One other point--I was reminded of another film, Pulp Fiction, while watching this. It's been awhile since I watched Pulp Fiction, but it seems to me that there were a number of plot lines in the film, which surprisingly, to me anyway, did not all come together at the end, or so I remember. The characters from the various plots would bump into each other at times, but the resolutions to the plots were independent of each other. This is also true of Sin City. Major characters from one plot line would have a walk-on in anther plot, but would not play a significant role. For example, I think some characters from all plots eventually visited the same bar at one time or another. One of the waitresses waited on the characters in two of the plots and was a major character in the other.

Perhaps I was reminded of Pulp Fiction because it was directed by Quentin Tarentino, and the credits for Sin City list Quentin Tarentino as "guest director."

This is an interesting and innovative film for its use of special effects and technology. However, forget it if you're looking for drama, complex plots, and character development. This universe is a brutal one, and killing is the only solution.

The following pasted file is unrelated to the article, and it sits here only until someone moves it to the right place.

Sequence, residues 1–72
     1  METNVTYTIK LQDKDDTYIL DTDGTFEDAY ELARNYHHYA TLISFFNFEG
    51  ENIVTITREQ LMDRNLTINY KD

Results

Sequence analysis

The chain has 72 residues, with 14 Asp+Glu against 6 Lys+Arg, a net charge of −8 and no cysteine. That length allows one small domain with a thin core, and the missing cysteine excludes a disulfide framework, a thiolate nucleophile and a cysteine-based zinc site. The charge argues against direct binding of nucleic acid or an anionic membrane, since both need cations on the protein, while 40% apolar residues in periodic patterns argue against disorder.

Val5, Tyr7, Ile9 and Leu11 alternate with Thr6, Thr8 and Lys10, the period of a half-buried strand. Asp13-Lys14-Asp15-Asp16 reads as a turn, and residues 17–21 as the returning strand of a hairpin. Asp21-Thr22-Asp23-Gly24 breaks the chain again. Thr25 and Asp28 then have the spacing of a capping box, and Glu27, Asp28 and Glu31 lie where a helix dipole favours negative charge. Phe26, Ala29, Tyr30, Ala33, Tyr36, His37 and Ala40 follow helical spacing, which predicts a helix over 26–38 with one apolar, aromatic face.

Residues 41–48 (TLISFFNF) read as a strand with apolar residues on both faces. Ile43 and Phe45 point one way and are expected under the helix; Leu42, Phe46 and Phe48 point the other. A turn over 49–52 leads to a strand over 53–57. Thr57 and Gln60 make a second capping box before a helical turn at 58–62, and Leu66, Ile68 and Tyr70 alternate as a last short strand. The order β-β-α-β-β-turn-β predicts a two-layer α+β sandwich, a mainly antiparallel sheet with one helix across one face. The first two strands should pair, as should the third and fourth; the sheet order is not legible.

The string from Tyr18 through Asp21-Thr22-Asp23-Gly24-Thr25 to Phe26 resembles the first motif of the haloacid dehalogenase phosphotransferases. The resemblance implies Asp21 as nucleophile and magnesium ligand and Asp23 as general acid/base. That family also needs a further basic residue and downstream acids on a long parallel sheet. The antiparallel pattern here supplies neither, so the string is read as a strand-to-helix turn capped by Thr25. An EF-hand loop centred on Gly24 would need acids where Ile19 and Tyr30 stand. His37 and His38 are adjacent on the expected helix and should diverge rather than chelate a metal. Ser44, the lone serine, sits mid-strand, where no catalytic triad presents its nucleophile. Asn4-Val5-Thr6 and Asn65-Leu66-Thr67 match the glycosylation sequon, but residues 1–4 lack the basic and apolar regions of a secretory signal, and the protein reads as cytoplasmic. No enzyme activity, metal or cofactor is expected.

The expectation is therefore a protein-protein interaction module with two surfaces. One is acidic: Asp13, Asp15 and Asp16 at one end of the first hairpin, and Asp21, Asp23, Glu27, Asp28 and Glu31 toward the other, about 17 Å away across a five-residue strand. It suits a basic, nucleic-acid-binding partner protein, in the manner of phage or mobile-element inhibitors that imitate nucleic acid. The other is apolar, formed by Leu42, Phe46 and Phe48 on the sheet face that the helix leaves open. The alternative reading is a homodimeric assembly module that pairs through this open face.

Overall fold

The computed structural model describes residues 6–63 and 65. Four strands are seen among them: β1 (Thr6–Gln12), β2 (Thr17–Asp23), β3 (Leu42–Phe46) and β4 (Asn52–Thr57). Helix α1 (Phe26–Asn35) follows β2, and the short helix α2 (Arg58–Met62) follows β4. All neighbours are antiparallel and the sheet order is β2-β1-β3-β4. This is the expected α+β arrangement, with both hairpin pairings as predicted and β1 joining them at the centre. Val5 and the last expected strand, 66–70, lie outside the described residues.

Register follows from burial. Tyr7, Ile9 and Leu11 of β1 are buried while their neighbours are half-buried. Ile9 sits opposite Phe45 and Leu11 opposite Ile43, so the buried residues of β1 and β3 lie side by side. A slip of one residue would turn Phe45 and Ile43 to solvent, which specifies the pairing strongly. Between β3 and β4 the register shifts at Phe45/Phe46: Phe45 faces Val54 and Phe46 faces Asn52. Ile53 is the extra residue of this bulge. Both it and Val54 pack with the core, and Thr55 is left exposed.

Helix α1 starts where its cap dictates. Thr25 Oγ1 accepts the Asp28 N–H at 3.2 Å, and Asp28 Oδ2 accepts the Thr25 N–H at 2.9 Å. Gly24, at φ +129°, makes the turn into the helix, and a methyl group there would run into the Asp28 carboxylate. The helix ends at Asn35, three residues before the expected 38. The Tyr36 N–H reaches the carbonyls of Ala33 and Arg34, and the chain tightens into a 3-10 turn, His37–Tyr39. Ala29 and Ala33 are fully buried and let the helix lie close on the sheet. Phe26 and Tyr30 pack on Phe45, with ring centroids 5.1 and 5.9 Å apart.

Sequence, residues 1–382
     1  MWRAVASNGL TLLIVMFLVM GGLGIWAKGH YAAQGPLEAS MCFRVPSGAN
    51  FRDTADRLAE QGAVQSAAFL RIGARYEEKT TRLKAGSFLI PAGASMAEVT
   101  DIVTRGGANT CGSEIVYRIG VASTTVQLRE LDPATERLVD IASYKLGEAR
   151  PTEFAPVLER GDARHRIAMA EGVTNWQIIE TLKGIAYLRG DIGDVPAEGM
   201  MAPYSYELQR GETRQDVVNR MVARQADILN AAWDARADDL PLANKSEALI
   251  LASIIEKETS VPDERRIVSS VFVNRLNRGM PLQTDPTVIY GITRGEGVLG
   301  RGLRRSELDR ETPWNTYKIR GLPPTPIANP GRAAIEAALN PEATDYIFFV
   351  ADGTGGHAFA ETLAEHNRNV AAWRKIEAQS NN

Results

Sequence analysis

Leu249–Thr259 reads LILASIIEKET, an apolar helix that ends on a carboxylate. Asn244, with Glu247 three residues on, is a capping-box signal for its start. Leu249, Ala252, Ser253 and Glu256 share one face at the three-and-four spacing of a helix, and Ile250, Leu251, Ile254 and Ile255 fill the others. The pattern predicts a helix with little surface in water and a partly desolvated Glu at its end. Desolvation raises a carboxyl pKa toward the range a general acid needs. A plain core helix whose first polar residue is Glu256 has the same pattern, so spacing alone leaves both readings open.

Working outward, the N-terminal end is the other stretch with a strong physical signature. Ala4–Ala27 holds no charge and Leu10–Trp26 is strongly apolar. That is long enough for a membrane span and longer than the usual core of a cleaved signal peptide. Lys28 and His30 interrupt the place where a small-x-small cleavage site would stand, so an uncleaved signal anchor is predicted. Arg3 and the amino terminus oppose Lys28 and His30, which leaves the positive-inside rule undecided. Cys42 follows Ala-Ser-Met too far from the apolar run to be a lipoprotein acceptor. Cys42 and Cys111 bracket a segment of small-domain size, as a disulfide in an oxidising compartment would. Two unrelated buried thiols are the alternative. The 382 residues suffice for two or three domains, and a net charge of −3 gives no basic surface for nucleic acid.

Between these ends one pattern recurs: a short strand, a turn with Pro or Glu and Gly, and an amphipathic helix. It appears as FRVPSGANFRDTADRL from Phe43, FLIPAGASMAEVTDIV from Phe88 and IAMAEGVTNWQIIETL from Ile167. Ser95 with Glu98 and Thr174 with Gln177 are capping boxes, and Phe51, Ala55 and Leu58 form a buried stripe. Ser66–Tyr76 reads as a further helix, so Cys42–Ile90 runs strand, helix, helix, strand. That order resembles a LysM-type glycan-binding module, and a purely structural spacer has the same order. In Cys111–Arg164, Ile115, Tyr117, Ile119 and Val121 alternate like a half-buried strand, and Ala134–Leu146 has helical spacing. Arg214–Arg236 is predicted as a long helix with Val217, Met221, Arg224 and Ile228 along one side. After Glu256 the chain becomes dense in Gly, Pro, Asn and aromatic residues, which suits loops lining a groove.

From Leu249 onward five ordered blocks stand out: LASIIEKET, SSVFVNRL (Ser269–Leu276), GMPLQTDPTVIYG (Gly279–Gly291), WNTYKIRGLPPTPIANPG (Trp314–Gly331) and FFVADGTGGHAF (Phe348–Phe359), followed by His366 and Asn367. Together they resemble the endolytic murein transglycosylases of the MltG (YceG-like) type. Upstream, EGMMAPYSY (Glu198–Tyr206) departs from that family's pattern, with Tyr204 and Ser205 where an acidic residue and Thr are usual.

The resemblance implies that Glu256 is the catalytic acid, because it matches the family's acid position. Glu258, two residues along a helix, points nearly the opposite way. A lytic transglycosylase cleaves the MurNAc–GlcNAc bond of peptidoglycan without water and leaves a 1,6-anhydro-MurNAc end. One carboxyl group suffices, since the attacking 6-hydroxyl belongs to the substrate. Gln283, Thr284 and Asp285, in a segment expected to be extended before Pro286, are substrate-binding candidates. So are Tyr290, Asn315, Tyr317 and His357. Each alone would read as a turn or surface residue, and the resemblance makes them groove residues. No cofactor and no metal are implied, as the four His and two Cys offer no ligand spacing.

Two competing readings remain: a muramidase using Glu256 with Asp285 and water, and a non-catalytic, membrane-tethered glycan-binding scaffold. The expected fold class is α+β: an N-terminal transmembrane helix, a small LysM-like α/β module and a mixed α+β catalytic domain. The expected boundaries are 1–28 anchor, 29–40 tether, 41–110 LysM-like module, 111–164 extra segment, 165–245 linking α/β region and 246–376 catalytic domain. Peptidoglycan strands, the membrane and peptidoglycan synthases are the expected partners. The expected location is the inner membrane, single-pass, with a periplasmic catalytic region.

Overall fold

Wednesday, December 3, 2008

Sir Arthur Conan Doyle: The Mystery of Cloomber

I ran into a reference to this work, The Mystery of Cloomber, quite by accident, searching for something else. I know Doyle had written other types of works in addition to his Sherlock Holmes series, but this was one I hadn't heard about before.

This isn't a Holmes-Watson tale, but, frankly, it could have been. It's set in Scotland, off the coast of the Irish Sea. The countryside is described in part as being as unappealing and frightening as the Moor in The Hound of the Baskervilles.

John Fothergill West, his sister, and his father have moved here because of the kindness of his father's stepbrother. The stepbrother, advised by his physician to seek a warmer climate, was going to move to Italy, and he asked John's father if he would like to move into his place while he was gone and act as steward. Being in financial difficulties at the time, the offer was immediately accepted.

Shortly after moving there, John, the POV character, discovered that the long abandoned Cloomber Hall had been taken up once again, apparently by a wealthy family, for considerable money was spent on repairs.

But, this wasn't just an ordinary move into a neighborhood by ordinary people. The family consisted of Major-General J. B. Heatherstone, Ret., his wife and son and daughter. John West first met Heatherstone the night Heatherstone came to look over the place. It was dark, and when Heatherstone saw West in the light of the lantern, he jumped back, became very agitated and remarked that West's skin was very dark, that he wasn't an Englishman. The property agent with Heatherstone reassured him that West was an Englishman and that there was no need to be alarmed. Several days later, they met again in the daylight, and Heatherstone apologized, but again remarked that West was darker than the people in the area usually were. West said it was because he had Spanish blood.